Remembrance of romances past

Marcel Proust, portrayed by actor Brent Carver, stands in profile on the jewel-box-size stage with a look of suffering, yet wonder, in his eyes. A shy man who can barely look at the audience, he has come to tell a story about his youth, when he loved a saucy girl named Albertine.

So begins "My Life With Albertine," the première of a musical currently in previews at Playwrights Horizon on W. 42nd Street. Director Richard Nelson has adapted the work from the French author's multivolume novel, "Remembrance of Things Past," with a score by Ricky Ian Gordon.

While raiding literature for the stage is not new, taking on Proust's haunting and detailed achievement of nearly 3,000 pages might be considered an act of show-biz hubris.

Nelson, whose adaptation of James Joyce's "The Dead" was a hit several seasons ago, expressed no qualms about the complexities of Proust. "The surprise on reading Proust is finding out how theatrical it is," he said in an interview during a day off from rehearsals. "It seems like a good, rich tale."

An American living in Rhinebeck, N.Y., Nelson began writing for the theater in high school, going on to win the annual playwriting contest at Hamilton College. His first professional play was mounted in 1975, when he was 25. "I've done a play each year since then. I'm one of a handful who makes a living as a playwright," he says.

The Albertine segments thread through several of the Proust volumes to follow the love affair between the narrator and the girl he first encounters on the beach at Balbec. "It's the story of a young man coming of age. He's 17 or 18 years old. We play it over a year and a half. It's about the confusion of love, of late adolescence. I can't think of anything more universal," Nelson says.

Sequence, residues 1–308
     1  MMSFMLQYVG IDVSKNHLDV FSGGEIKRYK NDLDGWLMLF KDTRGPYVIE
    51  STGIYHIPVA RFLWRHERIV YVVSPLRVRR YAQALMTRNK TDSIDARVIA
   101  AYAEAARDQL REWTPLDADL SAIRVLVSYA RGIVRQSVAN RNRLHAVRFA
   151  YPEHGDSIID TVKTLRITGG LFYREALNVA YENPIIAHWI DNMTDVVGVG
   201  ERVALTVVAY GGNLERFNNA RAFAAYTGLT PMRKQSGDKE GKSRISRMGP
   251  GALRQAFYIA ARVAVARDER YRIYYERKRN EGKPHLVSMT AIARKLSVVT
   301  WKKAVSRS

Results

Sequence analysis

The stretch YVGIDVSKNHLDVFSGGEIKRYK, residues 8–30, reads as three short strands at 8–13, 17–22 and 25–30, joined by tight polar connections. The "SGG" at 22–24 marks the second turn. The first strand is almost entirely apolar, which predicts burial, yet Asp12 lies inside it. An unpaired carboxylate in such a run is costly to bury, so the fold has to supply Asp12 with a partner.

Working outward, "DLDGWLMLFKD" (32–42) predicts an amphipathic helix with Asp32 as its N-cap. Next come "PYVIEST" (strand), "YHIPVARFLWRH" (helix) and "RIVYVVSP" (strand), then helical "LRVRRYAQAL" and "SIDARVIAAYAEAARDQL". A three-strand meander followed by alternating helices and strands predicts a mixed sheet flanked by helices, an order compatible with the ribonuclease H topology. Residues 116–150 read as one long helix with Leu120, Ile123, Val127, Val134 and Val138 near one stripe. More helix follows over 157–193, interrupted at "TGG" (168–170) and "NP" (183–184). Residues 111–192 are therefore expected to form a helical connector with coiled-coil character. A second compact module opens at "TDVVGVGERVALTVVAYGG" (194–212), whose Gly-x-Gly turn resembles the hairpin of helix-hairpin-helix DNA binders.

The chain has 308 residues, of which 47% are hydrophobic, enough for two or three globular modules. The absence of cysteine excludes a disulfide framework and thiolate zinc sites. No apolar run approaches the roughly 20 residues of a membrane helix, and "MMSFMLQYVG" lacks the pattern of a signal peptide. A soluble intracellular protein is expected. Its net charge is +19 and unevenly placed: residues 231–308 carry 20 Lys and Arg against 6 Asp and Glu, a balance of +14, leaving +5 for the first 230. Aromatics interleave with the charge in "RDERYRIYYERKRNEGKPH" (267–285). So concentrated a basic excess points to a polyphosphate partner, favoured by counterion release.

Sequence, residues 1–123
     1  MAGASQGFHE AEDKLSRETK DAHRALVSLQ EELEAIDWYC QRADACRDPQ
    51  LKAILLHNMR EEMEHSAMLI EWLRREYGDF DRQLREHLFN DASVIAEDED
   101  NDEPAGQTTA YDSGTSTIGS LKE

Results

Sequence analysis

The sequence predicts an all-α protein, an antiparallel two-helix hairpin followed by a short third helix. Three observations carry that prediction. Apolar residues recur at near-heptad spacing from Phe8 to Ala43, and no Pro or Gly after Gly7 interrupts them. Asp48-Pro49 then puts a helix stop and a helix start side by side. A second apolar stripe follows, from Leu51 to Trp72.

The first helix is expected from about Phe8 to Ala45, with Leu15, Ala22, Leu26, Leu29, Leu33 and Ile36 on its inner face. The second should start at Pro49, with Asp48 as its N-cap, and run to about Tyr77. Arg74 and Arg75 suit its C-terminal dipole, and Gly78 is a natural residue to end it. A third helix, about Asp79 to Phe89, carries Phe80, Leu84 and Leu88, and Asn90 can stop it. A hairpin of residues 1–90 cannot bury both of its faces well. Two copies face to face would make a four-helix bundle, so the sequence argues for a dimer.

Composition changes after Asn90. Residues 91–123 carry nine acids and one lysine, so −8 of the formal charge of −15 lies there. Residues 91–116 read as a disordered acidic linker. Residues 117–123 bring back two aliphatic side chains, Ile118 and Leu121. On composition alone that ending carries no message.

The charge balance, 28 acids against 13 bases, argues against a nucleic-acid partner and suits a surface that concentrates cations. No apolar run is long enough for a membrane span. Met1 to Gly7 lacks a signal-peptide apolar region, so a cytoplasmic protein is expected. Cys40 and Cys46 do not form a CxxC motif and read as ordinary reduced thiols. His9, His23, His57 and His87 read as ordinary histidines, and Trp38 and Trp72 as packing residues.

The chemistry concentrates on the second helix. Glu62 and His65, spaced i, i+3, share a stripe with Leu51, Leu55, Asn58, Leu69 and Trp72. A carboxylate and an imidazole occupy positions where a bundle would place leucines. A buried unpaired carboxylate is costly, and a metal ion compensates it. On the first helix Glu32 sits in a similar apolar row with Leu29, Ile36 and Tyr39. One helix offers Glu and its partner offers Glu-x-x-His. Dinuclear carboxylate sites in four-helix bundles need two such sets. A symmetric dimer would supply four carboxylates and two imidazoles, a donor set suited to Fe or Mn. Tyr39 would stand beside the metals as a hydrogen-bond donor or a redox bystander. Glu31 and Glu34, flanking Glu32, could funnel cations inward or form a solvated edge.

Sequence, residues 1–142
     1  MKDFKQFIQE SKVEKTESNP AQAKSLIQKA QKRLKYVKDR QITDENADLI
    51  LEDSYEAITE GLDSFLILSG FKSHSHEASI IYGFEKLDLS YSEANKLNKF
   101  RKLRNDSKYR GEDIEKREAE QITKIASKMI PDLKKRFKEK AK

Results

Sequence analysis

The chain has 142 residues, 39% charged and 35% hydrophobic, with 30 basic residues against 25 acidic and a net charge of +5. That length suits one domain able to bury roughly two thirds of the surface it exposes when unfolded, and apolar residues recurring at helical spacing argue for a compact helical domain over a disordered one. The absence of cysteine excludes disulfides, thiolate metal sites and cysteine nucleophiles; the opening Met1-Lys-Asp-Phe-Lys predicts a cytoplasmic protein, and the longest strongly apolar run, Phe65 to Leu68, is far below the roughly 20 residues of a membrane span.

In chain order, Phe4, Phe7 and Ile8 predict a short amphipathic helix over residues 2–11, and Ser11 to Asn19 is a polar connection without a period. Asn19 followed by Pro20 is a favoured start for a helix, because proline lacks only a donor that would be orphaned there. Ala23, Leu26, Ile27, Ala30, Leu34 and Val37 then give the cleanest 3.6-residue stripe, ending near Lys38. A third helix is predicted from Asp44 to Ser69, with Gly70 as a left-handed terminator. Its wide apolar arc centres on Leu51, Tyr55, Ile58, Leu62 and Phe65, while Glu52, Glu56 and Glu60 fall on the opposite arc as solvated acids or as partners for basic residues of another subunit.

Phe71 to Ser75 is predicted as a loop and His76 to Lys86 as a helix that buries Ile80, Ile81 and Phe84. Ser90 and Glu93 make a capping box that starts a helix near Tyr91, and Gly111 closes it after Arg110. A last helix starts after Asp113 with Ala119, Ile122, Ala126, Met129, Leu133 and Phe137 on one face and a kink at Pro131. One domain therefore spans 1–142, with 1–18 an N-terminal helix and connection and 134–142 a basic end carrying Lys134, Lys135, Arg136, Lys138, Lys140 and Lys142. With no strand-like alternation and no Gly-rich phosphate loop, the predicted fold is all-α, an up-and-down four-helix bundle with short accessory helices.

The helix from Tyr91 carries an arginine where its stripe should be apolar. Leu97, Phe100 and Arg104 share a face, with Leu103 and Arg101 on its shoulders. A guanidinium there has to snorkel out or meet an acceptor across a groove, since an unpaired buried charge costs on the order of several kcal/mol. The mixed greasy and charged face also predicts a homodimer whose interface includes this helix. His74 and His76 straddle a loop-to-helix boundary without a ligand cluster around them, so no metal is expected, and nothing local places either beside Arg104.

The character of Marcel is taken by two actors: the older man (Carver) who narrates the tale, both watching and interacting with his younger self, played by Chad Kimball (who last year played a cow - with star-making effect - in "Into the Woods").

The device of the dual characterization, of one man at different stages of life, also supports another central theme: the sifting through of past episodes, in search of the truth.

A major change for the theater is the transformation of Marcel from a writer into a composer presenting his memories as a show-within-a-show. Marcel invites the audience to watch a piece he has written about his life with Albertine, staged behind a small proscenium arch set up in his wood-paneled living room in Paris, circa 1917.

The actors sit in armchairs against the walls as they wait for their cues. The opening songs are simple: "Balbec By The Sea," which introduces the beach setting, followed by a lullaby from Marcel's grandmother, then a children's rhyme for Albertine and her friends, and a tango.

The score deepens as Marcel's emotions darken with jealousy and fears of losing Albertine. At the end, Carver, as Proust, says, "I have often wondered, had I not gone that summer to Balbec, had I not seen that silhouette against the sea, had I never known my Albertine, would I have written, could I have written - anything?"

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